The trade war still has teeth, though it’s just nibbling shares outside of China.
Trade moves out of focus
A 1.7% retreat by Hong Kong shares points to a flavour of broader sentiment when mainland markets and a clutch of other Asian bourses re-open from a one-day break tomorrow. European shares also remain moderately offside, after China bowed to what was widely seen as the inevitable by calling off Washington talks. The balance is tipped toward weakness by tariff-sensitive automobile & parts shares and in the China-linked mining industry. But other influences are increasingly having a say. Comcast’s knock-out bid for Sky, 17% higher than previously offered, gives a fillip to broadcast stocks. Oil names also lead after Saudi Arabia and Russia jointly signalled production hikes don’t mesh with their current priorities. A lift is also visible amongst continental and London-listed retailers despite tentative talks between France’s Casino and Carrefour descending into acrimony. The point about rising consolidation pressure is not lost on investors. Elsewhere, numbers are being run on Tesco’s new Jack discount format, and at worst, the verdict is neutral, given the small initial commitment of 10-15 stores. That’s a de facto positive if the prize of new effective opposition to Aldi/Lidl can be grasped. Some of the red tint across markets—including Wall Street futures—has a precautionary eye to the Fed meeting. A 0.25% rise is fully priced; the dot plot of projected hikes (including Wednesday’s and in December) also looks baked. Investors are therefore weighing the risk that the median forecast for three more rises in 2019 rises could tilt higher.
Sterling leads fightback
The dollar has reached a related impasse that only policy contours will break easily this week. The market’s more optimistic reassessment of medium-term impacts from the new global trade order is holding. That’s to the detriment of the dollar for now. And yet, speculators continue to add to net longs. Residual benefits of fiscal stimulus (tax cuts) still feed through the economy: solid goods orders later this week, as expected, would be the latest instance. The 10-year Treasury yield is thereby comfortably above 3% and 2-year Treasury yields are setting a string of decade peaks. It’s difficult to see these conditions as underlying dollar negatives. The volatility around that constant is again being led by sterling. The pound is also resilient against the yen and franc among other majors. Huge incoming value implied by Comcast’s $40bn Sky bid is cited by some participants. It’s also clear some are playing the unwind of Friday’s aggressive reaction to Brexit deadlock, whilst the opposition Labour Party verges on backing a second referendum. The key decider of whether the reflexive Brexit correction is fleeting or not is whether cable can close comfortably above $1.320. That was a confirmed support before the rate spiked to its highest since July last week.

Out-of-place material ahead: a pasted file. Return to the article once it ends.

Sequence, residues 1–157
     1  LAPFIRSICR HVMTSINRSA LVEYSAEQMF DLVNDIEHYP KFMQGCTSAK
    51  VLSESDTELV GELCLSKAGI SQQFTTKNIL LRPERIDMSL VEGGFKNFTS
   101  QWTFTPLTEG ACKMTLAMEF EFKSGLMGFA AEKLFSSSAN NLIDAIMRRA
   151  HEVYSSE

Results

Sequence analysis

Watch Tuesday data
Monday’s static calendar could leave market participants to their own devices till the agenda hots up on Tuesday. Then, we will have Germany’s industrial price data, a business climate update from France—where growth has quickened this quarter—before official and unofficial U.S. residential property data. German CPI is another must watch on Thursday, ahead of U.S. durable goods orders. The headline outcome is likely to be skewed by a large order of Boeing aircraft in August.
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